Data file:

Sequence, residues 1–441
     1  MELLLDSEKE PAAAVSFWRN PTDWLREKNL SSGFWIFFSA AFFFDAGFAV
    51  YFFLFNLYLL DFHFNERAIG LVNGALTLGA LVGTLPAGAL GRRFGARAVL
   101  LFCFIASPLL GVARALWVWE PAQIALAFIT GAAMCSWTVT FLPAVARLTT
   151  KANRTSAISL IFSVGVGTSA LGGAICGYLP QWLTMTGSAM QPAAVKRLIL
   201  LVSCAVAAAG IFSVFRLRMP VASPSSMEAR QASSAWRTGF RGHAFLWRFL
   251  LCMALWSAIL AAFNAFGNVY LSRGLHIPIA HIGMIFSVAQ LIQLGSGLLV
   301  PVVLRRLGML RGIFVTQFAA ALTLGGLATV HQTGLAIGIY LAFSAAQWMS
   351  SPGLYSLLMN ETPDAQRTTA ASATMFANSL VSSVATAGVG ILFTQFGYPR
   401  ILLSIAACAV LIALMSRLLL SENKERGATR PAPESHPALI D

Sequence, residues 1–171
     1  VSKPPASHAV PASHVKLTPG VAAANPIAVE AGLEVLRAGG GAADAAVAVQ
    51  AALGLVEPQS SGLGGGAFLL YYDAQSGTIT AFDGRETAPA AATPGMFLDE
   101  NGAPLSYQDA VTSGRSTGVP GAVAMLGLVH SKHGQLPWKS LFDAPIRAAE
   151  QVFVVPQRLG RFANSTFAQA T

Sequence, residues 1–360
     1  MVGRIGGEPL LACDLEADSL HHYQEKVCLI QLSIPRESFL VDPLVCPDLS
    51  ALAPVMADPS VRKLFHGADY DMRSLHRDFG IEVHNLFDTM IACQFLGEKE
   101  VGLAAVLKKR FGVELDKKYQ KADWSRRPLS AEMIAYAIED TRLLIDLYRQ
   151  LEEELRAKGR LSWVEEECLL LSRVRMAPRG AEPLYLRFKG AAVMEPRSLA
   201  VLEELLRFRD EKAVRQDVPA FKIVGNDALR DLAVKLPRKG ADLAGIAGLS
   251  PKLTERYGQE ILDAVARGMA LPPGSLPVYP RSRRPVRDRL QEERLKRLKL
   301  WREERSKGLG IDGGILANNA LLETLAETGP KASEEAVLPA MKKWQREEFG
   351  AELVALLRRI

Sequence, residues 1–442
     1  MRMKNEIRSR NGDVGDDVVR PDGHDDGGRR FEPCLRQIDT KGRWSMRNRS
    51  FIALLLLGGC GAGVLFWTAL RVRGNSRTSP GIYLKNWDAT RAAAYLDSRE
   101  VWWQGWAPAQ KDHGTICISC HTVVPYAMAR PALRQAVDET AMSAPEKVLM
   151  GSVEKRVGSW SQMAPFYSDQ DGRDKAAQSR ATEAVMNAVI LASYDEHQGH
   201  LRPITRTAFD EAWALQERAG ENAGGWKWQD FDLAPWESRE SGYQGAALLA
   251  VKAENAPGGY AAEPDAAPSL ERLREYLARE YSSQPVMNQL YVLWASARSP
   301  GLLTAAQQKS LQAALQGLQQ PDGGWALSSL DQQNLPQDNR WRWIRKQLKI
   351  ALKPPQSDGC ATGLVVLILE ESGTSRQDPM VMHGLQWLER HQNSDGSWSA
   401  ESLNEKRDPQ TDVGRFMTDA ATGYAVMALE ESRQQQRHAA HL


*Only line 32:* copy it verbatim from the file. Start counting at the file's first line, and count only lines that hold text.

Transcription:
   301  GLLTAAQQKS LQAALQGLQQ PDGGWALSSL DQQNLPQDNR WRWIRKQLKI